Blocking on multiple queues?

n1vg wrote on Tuesday, March 15, 2005:

I’ve got a task that needs to wait for input on multiple queues.  It’s not worth the extra RAM overhead to have multiple tasks, so I either set up a loop that checks each queue without blocking, and pauses for my maximum allowable latency time at the end, or I block for a fraction of that time at each queue.

Input to these queues is infrequent, but it needs to be processed in a reasonable amount of time.  The approach above works, but it does a lot more context switching that it would if it could just block on multiple queues simultaneously.

Is there an easy way to do this that I’m missing?



rtel wrote on Tuesday, March 15, 2005:


How about:

+ Use the same queue for all data.
+ Any task/ISR that wants to post to the queue posts a structure that lets the receiver know from where the data originated (or how to interpret the data).
+ Block on the queue.

For a simplistic example (not necessarily optimal), if you want to receive data from COM0 and COM1, then rather than have two queues - one for each COM port - have both COM ports post to the same queue as follows:

#define COM0_DATA 0
#define COM1_DATA 1

typedef struct
____portCHAR cDataID;
____portCHAR cData; // Could be a pointer to a more complex data item or buffer instead.
} xQueueItem;

void vRxTask( void *pvParameters )
xQueueItem RxData;

________cQueueReceive( xQueue, ( void * )&RxData, portWAIT_FOREVER );

________//RxData contains the data AND the source of the data.
________switch( RxData.cDataID )
______________case COM0_DATA : ProcessCom0Data(RxData.cData); break;
______________case COM1_DATA : ProcessCom1Data(RxData.cData); break;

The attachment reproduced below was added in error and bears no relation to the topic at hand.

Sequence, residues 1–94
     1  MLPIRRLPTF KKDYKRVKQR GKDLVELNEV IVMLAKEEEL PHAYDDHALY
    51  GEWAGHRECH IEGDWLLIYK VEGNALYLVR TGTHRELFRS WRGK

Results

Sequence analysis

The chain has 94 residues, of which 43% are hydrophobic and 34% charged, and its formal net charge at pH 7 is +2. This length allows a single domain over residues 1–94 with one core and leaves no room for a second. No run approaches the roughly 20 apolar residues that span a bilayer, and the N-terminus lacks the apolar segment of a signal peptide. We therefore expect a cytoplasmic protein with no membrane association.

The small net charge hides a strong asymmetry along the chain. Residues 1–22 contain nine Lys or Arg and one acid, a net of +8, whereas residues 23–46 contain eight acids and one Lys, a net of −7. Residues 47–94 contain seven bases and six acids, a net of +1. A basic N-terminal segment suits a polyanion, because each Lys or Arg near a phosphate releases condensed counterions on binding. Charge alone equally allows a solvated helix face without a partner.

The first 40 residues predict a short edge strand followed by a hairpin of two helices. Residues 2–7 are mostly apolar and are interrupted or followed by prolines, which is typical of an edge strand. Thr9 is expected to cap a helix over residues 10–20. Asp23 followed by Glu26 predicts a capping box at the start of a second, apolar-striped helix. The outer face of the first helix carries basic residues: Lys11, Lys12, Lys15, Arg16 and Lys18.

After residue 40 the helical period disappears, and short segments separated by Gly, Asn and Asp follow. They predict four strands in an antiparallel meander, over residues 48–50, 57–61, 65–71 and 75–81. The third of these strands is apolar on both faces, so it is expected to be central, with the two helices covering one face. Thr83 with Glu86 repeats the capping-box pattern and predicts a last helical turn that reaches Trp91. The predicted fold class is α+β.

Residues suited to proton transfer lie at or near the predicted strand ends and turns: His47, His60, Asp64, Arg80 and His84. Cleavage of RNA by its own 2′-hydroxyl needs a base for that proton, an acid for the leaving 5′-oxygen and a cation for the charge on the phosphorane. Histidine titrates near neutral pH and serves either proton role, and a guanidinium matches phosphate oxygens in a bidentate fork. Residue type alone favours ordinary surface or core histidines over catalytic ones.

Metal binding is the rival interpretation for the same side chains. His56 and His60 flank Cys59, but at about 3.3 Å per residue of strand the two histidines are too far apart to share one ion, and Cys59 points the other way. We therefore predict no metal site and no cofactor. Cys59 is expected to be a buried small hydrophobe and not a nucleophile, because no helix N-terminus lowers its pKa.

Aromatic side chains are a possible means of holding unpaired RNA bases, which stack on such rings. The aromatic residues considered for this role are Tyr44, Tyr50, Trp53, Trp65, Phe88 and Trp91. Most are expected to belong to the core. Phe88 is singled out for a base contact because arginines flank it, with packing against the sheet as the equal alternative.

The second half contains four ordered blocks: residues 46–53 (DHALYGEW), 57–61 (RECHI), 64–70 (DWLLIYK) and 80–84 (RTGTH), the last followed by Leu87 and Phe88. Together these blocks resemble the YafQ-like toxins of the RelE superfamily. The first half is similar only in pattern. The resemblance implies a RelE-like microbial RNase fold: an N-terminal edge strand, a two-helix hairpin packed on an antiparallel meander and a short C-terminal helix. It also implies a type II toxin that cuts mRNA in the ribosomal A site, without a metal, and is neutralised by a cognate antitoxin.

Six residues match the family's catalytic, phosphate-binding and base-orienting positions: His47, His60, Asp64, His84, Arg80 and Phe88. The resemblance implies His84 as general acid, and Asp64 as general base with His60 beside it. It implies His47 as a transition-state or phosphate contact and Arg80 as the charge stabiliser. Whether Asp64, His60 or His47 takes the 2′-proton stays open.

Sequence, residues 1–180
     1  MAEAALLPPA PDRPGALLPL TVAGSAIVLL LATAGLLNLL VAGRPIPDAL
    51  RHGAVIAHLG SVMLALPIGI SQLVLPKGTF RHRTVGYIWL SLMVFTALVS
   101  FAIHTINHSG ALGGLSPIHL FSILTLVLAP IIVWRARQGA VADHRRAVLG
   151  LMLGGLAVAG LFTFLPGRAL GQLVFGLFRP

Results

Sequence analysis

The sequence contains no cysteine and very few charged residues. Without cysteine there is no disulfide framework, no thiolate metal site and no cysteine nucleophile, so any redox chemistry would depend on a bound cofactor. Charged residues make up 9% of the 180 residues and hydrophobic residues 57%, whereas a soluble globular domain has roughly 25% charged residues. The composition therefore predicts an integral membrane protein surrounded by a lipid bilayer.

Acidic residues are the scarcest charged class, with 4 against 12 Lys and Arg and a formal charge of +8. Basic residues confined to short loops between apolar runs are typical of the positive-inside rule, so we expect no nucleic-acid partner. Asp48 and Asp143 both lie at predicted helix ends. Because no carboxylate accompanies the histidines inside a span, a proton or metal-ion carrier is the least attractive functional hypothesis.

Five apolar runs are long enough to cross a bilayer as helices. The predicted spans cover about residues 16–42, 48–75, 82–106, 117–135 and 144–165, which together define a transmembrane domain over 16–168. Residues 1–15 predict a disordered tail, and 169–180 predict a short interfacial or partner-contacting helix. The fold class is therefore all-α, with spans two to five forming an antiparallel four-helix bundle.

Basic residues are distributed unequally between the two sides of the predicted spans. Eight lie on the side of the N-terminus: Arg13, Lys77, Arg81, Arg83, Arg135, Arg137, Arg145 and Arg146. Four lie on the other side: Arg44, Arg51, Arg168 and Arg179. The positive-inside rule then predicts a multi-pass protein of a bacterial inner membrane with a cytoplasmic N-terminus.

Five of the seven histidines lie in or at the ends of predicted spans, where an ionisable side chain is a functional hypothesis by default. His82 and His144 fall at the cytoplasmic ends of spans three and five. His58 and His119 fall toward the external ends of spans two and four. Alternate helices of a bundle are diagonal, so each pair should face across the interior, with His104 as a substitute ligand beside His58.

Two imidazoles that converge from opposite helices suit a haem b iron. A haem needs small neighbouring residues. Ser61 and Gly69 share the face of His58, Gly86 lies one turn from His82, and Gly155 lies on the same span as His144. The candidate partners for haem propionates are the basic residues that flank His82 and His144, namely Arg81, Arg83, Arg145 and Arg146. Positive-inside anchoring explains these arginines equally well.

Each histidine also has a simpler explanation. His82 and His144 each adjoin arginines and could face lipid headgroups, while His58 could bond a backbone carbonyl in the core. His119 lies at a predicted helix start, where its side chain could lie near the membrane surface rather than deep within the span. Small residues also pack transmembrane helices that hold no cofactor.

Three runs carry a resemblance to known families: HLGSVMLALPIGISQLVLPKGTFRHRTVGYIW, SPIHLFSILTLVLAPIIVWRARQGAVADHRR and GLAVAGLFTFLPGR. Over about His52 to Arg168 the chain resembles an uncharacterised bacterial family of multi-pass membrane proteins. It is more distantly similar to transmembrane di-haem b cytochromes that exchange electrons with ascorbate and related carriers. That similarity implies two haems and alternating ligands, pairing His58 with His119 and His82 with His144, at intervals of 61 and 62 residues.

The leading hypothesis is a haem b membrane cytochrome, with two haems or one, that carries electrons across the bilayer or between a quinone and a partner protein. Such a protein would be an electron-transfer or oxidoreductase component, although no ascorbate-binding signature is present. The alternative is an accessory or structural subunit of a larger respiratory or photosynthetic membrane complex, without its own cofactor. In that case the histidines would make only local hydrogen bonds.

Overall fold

[error checking/return values, etc not shown]

n1vg wrote on Tuesday, March 15, 2005:

Might be doable, but I’ll have to rethink my architecture.  In this particular example, I’ve got queues serviced by a USART ISR, and queues serviced by a USB CDC task.

The separate modules call a function to register with the handler task.  Registered ports have a data structure with pointers to their TX and RX queues, plus other state information.

My main concern with a shared queue would be overflow - if a port is slow or hung (might be a network socket, for example), the queue would fill with data for the stalled port and the others would block.

Do other RTOSes have mechanisms to deal with this, or is it just a matter of proper architecture in the user program?

rtel wrote on Tuesday, March 15, 2005:

Blocking on multiple queues itself is vary rare (feel free to correct me anybody - this is just my experience).  I cannot think of a method of implementing it that would not take a lot of resource [both processor and RAM], but this might be an interesting challenge for the future.  I have an idea about a data structure that could sit between tasks and blocking lists  dont know how this will pan out though.

There may be other methods - event flags allow a single event to wake multiple tasks - you just want to do it in reverse.  Berkley sockets have the select() call also.